The situation has grown more complex in the past two days, with South Sudan President Salva Kiir firing the head of petroleum in Unity state—possibly over his decision to halt oil production for safety reasons. President Kiir has also cancelled plans to establish a state ministry of mining and petroleum.
Nigeria—Investor Alert & Shell Wrong-footed
• Nigerian President Goodluck Jonathan has dismissed the country’s central bank governor following the governor’s accusations that billions of dollars in oil revenue had been siphoned off or gone missing. The summary dismissal of Central Bank Governor Lamido Sanusi resounded negatively in financial markets. The Nigerian stock market took a sharp dive, and the bank had to intervene to prop up the local currency, the naira. This is largely because the markets had confidence in Sansui as a viable regulator. Sansui’s term would have ended in June otherwise. We expect more reverberations from this dismissal as a parliamentary committee investigates Sanusi’s allegations.
• Shell continues to be plagued by massive oil theft from its pipelines in Nigeria. In the latest incident this week, thieves drilled holes into the Nembe Creek Trunkline pipeline in order to siphon crude off for the black market. Shell was forced to close the pipeline down to repair the holes, while the amount of crude lost already remains unclear. The pipeline transports about 150,000 bpd. Shell had just replaced the pipeline in December 2010 for $1.1 billion and has been forced to close it down temporarily numerous times due to theft-related damages. Shell is counting its losses now in Nigeria, announcing plans late last year to sell the 97-kilometer pipeline.
Other Area Developments
• Kenya will likely invest in neighboring Uganda’s $2.5 billion oil refinery project. Uganda has invited both Kenya and Rwanda to acquire stakes in the project. Kenya is looking at a 3% stake worth around $74 million.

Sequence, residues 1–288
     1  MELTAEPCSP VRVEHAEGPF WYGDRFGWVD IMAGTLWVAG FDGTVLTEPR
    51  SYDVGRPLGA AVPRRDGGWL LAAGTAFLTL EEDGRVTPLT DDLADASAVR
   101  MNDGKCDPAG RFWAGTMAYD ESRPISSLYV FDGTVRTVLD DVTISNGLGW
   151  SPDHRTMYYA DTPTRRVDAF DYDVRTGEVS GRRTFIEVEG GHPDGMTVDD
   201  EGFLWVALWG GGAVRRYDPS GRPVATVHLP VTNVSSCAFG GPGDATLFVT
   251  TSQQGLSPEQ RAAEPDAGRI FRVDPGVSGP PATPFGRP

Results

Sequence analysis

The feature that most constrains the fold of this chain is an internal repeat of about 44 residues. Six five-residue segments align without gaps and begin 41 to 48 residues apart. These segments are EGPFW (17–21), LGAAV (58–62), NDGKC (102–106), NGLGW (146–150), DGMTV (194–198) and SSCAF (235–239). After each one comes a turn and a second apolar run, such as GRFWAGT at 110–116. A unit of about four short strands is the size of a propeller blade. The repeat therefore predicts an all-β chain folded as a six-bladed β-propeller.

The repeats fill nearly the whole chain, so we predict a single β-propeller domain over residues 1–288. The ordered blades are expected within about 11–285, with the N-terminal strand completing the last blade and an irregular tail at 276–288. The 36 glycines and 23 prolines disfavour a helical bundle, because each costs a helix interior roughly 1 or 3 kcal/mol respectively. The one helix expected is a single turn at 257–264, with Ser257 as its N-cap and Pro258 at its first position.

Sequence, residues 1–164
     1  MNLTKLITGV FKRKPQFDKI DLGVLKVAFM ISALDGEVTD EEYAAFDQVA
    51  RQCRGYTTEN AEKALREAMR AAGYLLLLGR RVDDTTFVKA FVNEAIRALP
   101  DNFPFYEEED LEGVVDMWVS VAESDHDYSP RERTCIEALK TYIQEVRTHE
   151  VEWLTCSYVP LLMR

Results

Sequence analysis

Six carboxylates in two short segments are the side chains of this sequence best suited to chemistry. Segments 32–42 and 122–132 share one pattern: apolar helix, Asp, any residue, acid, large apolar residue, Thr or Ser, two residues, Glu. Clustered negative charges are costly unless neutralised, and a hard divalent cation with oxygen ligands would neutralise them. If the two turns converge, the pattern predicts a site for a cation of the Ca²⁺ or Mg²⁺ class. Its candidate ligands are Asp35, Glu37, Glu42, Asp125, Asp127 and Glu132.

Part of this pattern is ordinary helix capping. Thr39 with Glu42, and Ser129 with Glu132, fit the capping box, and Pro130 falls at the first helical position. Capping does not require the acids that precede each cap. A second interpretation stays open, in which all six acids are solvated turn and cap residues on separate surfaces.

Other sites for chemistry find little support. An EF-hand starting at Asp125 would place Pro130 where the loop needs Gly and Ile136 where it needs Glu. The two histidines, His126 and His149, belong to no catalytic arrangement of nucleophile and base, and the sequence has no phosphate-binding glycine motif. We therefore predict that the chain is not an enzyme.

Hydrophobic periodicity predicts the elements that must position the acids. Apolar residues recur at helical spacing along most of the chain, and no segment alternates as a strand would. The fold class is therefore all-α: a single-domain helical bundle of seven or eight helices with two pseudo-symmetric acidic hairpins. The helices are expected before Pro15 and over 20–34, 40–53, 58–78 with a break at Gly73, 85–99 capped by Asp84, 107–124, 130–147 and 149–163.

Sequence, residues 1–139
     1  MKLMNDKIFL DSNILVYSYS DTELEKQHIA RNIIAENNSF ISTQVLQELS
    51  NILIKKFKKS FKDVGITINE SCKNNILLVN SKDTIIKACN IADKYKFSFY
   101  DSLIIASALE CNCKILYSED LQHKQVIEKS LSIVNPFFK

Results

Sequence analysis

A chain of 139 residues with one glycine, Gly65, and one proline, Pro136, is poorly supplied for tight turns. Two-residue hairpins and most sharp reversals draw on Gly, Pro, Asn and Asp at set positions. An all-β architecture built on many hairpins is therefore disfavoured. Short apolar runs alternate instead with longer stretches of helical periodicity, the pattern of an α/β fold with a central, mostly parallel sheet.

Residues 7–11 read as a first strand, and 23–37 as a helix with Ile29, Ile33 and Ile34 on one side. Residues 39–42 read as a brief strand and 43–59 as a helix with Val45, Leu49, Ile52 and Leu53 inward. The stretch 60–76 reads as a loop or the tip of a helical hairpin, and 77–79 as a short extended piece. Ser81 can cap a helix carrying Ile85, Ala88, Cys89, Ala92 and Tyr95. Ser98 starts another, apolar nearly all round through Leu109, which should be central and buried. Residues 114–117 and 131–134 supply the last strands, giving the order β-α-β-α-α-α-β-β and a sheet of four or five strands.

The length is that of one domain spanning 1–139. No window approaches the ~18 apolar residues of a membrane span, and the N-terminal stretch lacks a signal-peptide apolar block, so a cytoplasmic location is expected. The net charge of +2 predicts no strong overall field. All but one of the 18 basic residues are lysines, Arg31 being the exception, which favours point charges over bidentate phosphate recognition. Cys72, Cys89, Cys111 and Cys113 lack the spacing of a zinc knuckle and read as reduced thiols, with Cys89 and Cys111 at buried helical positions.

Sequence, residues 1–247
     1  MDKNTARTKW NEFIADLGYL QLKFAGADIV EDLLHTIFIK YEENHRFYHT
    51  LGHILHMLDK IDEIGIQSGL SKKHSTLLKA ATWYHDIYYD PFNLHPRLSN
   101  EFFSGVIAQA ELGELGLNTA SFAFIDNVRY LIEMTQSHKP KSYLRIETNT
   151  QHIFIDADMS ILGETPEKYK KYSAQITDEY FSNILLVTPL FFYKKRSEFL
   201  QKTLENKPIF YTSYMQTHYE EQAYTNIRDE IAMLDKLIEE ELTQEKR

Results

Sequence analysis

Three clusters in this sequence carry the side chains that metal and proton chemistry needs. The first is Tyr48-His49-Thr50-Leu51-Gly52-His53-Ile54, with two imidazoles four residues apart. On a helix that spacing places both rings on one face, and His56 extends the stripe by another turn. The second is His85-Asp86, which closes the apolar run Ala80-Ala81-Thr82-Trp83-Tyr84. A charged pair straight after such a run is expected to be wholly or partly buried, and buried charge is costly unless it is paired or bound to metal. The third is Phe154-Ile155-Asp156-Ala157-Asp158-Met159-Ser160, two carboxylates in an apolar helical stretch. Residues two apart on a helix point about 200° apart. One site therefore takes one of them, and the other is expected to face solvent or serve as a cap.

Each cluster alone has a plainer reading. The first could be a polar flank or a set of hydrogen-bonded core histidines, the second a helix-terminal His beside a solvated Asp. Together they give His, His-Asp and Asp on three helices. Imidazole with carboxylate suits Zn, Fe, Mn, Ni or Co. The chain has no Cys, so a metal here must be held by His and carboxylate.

• Tullow Oil and partner Africa Oil Corp., in partnership with the Kenyan government, should begin field development and export pipeline construction next year, hoping to pump Kenya’s first commercial oil at a rate of 50,000 barrels per day in 2020.
• The government of Somaliland has resume Phase II talks with UK-based oil trading giant Vitol, according to government sources.
• Italy’s ENI has raised its projections for the highly prospective Area 4 block in the Rovuma Basin, northern Mozambique. Eni says the block is now estimated to contain up to 93 trillion cubic feet of gas, up from earlier estimates of 75 trillion cubic feet.
• Angola, one of our favorite emerging venues, has experienced a drop for 2013, but the outlook is still good for reaching the production goal of 2 million barrels of oil per day in 2015. For 2013, production averaged 1.72 million bpd, but two new projects are coming online, courtesy of Total and Eni—this year, to boost output for 2014/2015.
Company Spotlight—Africa Oil (CVE:AOI)
This week Canada’s Africa Oil is in our spotlight because of its ambitious drilling plans in Kenya and neighboring Ethiopia. The company plans to COMPLETE a record 20 exploration and appraisal wells in the two African countries THIS YEAR. The announcement of this caused Africa Oil to rise 2% in Toronto, reaching another record intraday price.